Ok, thanks.If they are series connected then you are boosting the voltage and keeping the current the same as one panel.New diagram below.Now, I can tell you with the length of the wire at 50', it maybe too small.The voltage drops when the wire size is too small, so the pump would run very inefficient and hotter tending to die at a faster timeline than if the voltage is correct.This is where the nameplates on the panels, pump are necessary to determine proper fit and wire size.Also, solid wire is not suggested, only stranded wire should be used. Much better conductor and current carrying especially for low voltage DC applications.Inverter will just change the low DC voltage to AC voltage.That would allow some AC for operating a relay if needed or change the pump to AC, but think the float switch would work on the DC voltage.Changing the pump to AC would require more safety in the wiring etc and cause more difficulty because the low voltage is not dangerous for shock hazards, where going to AC would be.Here again, without a Make and Model, another unknown.If they can read some labels for you, it would be great.Solar panelsPumpFloat switch.Get Voltage, amperage,wattage or anything on the label.Take pictures and then they can be posted right here to look at. Much easier.
I'm supposed to rate your answer when I'm 100% satisfied.
So far, your advice has been excellent, but we're not finished yet because I haven't given you all the answers to what you need to complete your advice. This may take some time.
Meanwhile, I'd give you credit with 5 stars. And I think your advice is worth more than the $15 I first agreed to pay.
Back in business. Here is what is on the back of the panels:
Industrial Solar: Model IS 85J
Operating Voltage: Vmp 17.2 V
Operating current: 4.85A
Open Circuit Voltage: Vcc 21.5V
Short Circuit Voltage: Icc 5.33A
By "luck" with the pump or float switch, I suppose you're asking if they work. Absent any connection to the switch, the pump runs whenever the sun is shining on the panels and the wires are connected.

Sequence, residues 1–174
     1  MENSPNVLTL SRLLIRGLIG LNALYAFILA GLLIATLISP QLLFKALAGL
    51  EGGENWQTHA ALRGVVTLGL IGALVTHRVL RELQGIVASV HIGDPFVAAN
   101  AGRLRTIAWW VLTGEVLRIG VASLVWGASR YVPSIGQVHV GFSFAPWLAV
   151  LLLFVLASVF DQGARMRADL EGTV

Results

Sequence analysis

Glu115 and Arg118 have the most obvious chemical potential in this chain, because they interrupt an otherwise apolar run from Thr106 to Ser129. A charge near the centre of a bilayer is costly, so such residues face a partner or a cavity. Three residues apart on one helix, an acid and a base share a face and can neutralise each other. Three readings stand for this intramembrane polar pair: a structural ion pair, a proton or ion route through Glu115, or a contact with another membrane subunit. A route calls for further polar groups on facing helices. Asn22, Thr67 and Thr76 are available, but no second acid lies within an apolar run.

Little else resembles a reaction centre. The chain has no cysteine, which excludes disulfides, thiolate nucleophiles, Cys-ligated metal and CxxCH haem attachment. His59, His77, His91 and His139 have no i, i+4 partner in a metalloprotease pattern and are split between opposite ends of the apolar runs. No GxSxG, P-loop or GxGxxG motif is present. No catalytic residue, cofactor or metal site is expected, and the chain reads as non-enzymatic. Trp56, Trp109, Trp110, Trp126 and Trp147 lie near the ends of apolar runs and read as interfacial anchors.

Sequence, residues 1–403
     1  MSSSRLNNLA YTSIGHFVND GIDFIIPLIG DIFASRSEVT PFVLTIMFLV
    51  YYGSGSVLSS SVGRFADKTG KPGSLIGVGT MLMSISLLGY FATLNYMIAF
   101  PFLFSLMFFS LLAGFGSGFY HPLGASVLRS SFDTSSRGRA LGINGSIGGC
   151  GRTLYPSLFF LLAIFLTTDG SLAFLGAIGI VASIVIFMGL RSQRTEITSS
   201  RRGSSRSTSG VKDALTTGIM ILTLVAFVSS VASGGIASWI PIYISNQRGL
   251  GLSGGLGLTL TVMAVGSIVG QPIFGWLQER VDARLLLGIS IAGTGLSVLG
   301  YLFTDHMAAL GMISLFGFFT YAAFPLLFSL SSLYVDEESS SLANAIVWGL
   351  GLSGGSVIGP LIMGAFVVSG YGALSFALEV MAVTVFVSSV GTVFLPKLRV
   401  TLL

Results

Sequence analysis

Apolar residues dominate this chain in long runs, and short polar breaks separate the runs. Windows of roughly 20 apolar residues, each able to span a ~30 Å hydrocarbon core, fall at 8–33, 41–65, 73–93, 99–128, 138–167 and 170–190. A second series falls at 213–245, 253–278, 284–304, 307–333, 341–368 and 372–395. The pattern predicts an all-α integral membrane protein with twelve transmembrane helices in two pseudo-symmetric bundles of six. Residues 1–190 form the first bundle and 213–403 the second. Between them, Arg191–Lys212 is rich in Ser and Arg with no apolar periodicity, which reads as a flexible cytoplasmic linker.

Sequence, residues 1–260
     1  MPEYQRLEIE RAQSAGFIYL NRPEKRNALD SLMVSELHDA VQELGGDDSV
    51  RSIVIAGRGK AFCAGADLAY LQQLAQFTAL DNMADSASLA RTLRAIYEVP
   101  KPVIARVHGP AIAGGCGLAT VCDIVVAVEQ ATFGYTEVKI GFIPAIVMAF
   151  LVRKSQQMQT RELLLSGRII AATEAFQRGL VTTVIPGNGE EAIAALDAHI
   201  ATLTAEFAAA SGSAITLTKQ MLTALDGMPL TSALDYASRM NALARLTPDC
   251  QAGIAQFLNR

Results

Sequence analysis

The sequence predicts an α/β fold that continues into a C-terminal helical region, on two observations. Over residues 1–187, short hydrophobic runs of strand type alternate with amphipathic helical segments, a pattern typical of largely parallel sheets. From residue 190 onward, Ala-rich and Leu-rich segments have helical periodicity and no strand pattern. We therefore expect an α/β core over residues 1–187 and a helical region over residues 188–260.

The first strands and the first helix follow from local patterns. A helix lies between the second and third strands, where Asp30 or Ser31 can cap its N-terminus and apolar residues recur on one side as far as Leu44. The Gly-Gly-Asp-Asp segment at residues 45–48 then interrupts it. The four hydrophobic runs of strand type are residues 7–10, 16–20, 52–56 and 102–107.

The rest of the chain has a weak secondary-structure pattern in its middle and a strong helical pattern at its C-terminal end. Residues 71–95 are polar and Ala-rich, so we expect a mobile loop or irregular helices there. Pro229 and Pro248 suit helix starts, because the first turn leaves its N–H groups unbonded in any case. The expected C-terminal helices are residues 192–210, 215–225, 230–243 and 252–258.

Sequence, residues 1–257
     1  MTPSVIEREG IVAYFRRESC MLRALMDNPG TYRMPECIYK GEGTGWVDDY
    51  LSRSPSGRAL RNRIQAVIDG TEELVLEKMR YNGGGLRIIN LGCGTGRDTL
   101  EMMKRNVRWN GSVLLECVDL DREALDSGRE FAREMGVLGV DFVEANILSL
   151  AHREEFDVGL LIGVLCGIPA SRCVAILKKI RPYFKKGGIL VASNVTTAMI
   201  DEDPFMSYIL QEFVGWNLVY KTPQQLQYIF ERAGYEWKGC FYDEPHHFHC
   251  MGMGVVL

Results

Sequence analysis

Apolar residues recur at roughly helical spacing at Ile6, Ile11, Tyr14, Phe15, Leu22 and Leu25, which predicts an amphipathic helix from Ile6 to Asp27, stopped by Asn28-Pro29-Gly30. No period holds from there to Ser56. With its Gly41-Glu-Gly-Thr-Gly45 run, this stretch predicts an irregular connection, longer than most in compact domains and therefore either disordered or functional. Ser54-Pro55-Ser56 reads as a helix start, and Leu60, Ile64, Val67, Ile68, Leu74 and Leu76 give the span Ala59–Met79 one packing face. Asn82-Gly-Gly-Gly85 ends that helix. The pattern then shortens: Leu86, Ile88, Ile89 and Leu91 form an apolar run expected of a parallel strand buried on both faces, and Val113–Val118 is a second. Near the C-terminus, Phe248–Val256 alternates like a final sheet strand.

The switch hasn't been tested independent of the system, but since it's new and the movement of the interior parts can be heard when the canister is tilted from horizontal to vertical, I assume it would work if plugged into a 110 V outlet and a 110 V device was plugged into the switch.
The switch came with a short cord, the plug of which has both male and female accommodations. The only instruction is that the (presumed 110V) pump male fitting plugs into the female fitting on the switch plug and the male fitting of the plug goes into the 110V power source.
It seems to be designed to pump out a sump as may be found in a house basement. The switch is in a float that allows the pump to operate as long as there is enough water in the sump for the float to remain horizontal. When the float turns down, the switch is activated and turns off the pump.
Our challenge is to made the switch operate in a DC, solar powered setting, or to find a switch that is designed for that purpose, if the one we have can't be adapted.
This appears to be what I should have sought originally.
All the devices mentioned seem to be intended to turn a pump on when a tank gets low. We need it to turn the pump off when the water gets low and back on when the water goes up.
The description of one device tells of changing from normally open to normally closed by reversing the float. Is that what we want and what's all the part about relays and contacts?
The one you need would have open contacts when the water is low and closed when high so the pump runs with water.Most of the floats have both so it is not a problem and they can work either way, just swap one wire.To me (manufacturers are very different), normally closed will be closed when low and open when high.Normally open is opposite, open low and closed high, what you need.Those 2 were examples only of what you need.Without the pumps amperage and voltage rating on its nameplate, I cannot pick the one out that would definitely work.The one I posted you were asking on relays etc was only rated for 1/2 amp, so that is why they mentioned something else to actually activate the pump.They have higher rated floats to match your pump, but we need those numbers to find yours.
Following your advice, my plan is to get the Amico switch, the 781-1C-12D and take them to Kauai along with your diagram, probably in August.
Assuming that's the answer to my question, I quess I'm ready to Rate to Finish.